Plastic Policy

News To Know: Resilience in Sustainability

By Allie Larman

UC Davis has been recognized nationally for both its success in sustainability and its ambitious and effective response to the COVID-19 pandemic. These successes take the cooperation of the entire campus community, but one group- Student Housing and Dining Services (SHDS)- stands out for their resilience in sustainability. SHDS manages the four on-campus Dining Commons, Markets, and Retail Dining. 

Last August the UC passed an ambitious new policy to transition all UC campuses away from single use plastics in on-campus dining facilities by January 2023. UC Davis is well on its way to meeting this goal, as evidenced by the removal of single-use plastic bags from retail and dining facilities.

And yet, despite this progress, the COVID-19 pandemic has brought on new challenges for the elimination of single use plastics. All on-campus dining locations have shifted to take-out only services, forcing them to adopt to-go containers. 

Jenni Taylor, the SDHS Sustainability Manager, says that “dining services are doing the best they can to procure ones [to-go containers] that are compostable” but mentions that it has been difficult to purchase compostable containers considering the rapid industry-wide transition to to-go dining.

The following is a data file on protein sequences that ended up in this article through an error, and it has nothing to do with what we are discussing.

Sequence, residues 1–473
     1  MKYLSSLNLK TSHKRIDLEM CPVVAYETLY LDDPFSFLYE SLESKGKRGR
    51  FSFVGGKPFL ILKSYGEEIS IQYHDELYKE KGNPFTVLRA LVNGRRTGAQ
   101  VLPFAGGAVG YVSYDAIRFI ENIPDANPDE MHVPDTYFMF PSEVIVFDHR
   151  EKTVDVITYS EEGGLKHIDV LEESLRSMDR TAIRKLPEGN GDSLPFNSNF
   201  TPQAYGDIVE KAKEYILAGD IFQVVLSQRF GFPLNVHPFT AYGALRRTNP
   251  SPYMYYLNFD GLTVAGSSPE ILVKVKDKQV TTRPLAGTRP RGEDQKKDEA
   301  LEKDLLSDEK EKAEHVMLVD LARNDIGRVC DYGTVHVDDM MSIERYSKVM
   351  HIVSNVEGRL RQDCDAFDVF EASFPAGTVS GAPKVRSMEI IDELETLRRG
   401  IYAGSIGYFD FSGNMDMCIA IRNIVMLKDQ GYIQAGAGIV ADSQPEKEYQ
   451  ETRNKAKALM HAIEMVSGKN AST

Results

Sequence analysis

In response, SDHS introduced a reusable container program. Upon arrival at UC Davis, each Residence Halls resident received reusable containers to use in the dining halls. Students bring these containers to the dining hall to pick up their food and exchange them after use for cleaning. When a student returns their container, they receive a token which allows them to pick up a clean container. This program has not been without challenges, as about 4,000 containers have been misplaced by students since the beginning of the school year. 

SHDS is expanding their sustainability engagement far beyond the scope of single-use plastic policy. The group is collaborating with the UC Davis Energy Conservation Office to engage residents in a virtual energy and water conservation challenge to help build community despite physical distance restrictions. The sustainability student team recently launched a successful “Adopt a Plant” program, which virtually connects students to the on-campus Segundo Garden. The group is also looking forward to opening a second on-campus community garden in the Tercero housing area. 


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